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Electricity markets for energy, flexibility and availability — Impact of capacity mechanisms on the remuneration of generation technologies

Hanspeter Höschle, Cedric De Jonghe, Hélène Le Cadre and Ronnie Belmans

Energy Economics, 2017, vol. 66, issue C, 372-383

Abstract: Increased shares of Renewable Energy Sources (RES) to fulfill ambitious European policy targets, mothballing or decommissioning of existing units, and absent investments lead to concerns about the system and market adequacy. To restore market adequacy, capacity mechanisms (CMs) are widely discussed and implemented in various types. They are intended to provide sufficient and clearly perceivable long-term price signals for available capacity. As integral part of the market, CMs interact with the other markets. Markets like day-ahead markets are used to trade energy. Imbalance markets or reserve requirements are examples for markets for flexibility. Among others, green certificates are in place to value emission-neutral injection from RES. Resulting altered prices and shifting remuneration have effects on all generation technologies. CMs may affect participating technologies by imposing a capacity demand. A resulting change in the generation mix may also have an impact on non-participating technologies. Two gaps can be identified in the discussion and modeling of CMs in the literature. First, proposed game-theoretic equilibrium models fall short in representing the distinctive features of different types of CMs. Second, most models incorporating CMs found in the literature only focus on the interaction with the energy-based market. Valid assessments of CM need to consider the interaction of remuneration for available capacity and flexibility, and the indirect interaction with the remuneration for emission-neutral RES. Two formulations of a game-theoretic market equilibrium model are proposed which represent specific CMs with its distinctive features, in particular a market-wide centralized capacity market (cCM) and targeted strategic reserves (SRs). Moreover, the equilibrium models explicitly combine the CMs with markets for flexibility and indirect with remuneration for RES. We contribute to the discussion of CMs by quantifying the interactions and shifting shares of remuneration. Based on the interaction between CMs and remuneration for emission-neutral injection, the effect of CMs on non-participating RES is described. We conclude based on the case study results that targeted mechanisms, like SRs, implemented with the single purpose of ensuring availability introduce large inefficiencies in the system by missing on the interaction between availability and flexibility. In contrast, a market-wide cCM provides a beneficial outcome for all technologies. At the same time, it yields a sufficient high reserve margin at lowest cost. It provides clear signals for the different values of energy-output, flexibility, availability and emission-neutral injection.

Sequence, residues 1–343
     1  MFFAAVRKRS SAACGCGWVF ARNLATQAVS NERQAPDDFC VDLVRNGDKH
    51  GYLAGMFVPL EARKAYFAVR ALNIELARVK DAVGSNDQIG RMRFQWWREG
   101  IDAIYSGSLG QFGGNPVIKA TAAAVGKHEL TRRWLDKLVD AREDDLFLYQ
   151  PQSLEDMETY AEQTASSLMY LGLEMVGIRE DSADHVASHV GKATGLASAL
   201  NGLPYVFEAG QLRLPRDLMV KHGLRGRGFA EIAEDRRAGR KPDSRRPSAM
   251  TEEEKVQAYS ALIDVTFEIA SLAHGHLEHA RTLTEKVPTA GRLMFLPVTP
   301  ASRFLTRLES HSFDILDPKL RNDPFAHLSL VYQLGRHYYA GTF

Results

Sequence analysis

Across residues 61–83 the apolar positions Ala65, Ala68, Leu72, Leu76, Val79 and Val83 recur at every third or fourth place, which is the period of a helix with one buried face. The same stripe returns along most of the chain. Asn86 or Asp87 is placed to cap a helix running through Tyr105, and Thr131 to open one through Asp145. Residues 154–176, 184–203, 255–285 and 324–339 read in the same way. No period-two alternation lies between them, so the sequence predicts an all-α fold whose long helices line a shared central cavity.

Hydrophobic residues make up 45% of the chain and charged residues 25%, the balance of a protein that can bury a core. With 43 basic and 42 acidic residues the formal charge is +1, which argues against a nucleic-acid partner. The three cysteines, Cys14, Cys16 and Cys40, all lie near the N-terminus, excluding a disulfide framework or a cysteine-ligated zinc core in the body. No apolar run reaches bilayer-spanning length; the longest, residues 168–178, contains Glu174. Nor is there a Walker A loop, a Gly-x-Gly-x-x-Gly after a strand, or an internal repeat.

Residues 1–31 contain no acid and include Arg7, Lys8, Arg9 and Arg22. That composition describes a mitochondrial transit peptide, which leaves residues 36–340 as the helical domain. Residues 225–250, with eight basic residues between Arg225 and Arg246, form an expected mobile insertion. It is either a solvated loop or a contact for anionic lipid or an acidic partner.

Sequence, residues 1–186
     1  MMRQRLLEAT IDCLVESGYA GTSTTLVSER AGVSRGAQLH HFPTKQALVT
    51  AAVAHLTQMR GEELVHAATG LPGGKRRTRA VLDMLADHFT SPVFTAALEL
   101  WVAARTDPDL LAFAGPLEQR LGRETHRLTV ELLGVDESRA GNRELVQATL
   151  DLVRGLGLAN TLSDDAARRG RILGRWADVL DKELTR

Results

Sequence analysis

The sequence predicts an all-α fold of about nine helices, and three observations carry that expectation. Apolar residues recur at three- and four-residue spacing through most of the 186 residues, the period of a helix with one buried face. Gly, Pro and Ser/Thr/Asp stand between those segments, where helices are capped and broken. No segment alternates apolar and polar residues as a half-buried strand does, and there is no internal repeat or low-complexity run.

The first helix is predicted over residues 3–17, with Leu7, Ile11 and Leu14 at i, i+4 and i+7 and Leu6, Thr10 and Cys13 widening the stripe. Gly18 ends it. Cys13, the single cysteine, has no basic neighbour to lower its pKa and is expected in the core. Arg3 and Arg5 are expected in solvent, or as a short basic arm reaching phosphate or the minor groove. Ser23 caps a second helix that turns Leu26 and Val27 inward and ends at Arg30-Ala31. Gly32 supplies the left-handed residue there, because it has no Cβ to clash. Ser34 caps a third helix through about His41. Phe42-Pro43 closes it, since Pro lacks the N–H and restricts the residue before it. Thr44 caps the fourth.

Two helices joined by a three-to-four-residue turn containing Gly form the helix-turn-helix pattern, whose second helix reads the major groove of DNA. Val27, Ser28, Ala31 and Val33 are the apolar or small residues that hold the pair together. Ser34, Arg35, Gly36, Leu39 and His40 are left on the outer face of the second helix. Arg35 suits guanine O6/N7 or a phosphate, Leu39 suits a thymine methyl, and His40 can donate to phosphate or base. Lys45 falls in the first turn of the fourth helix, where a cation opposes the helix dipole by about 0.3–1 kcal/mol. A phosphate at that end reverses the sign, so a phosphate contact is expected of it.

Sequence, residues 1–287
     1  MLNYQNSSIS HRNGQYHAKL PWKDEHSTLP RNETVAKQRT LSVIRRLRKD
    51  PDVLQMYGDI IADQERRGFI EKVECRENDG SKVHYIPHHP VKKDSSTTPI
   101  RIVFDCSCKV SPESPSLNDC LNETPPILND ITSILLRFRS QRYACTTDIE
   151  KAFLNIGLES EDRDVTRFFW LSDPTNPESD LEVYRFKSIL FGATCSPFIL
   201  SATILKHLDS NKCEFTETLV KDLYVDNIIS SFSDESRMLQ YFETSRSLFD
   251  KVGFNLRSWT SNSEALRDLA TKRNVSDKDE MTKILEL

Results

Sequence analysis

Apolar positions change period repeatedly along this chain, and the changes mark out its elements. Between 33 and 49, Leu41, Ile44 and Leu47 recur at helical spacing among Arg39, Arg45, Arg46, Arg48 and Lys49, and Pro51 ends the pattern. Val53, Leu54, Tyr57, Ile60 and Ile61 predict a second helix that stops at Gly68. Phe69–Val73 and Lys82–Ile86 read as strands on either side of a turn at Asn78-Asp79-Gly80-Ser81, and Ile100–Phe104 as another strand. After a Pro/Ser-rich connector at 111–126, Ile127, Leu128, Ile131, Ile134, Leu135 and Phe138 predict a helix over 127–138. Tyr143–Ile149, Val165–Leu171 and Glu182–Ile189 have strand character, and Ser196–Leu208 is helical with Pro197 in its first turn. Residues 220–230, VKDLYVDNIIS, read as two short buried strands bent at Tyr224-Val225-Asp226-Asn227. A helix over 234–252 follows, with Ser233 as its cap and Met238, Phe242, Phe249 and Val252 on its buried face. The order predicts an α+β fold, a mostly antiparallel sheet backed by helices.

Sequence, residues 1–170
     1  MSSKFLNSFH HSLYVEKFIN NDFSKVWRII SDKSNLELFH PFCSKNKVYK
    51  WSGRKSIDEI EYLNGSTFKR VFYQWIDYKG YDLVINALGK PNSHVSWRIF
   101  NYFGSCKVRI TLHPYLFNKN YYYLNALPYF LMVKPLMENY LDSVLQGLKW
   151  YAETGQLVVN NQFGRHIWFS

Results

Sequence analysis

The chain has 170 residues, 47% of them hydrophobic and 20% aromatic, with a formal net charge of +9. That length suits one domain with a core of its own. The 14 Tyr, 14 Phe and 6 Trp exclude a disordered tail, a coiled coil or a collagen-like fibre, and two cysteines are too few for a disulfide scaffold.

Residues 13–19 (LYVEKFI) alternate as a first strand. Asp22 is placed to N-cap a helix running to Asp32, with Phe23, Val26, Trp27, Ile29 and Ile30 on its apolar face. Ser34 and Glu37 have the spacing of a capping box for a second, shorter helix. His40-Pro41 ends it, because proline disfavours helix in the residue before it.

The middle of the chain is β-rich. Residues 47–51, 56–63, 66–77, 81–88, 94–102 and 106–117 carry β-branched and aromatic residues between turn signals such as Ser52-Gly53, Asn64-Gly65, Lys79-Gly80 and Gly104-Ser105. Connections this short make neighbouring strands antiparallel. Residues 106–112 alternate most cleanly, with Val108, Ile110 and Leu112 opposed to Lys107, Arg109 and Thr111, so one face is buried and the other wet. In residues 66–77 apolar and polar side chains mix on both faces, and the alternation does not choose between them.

Keywords: Capacity mechanism; Electricity market; Market adequacy; Nash equilibrium; System adequacy (search for similar items in EconPapers)
JEL-codes: D47 L11 L94 Q41 Q47 Q58 (search for similar items in EconPapers)
Date: 2017
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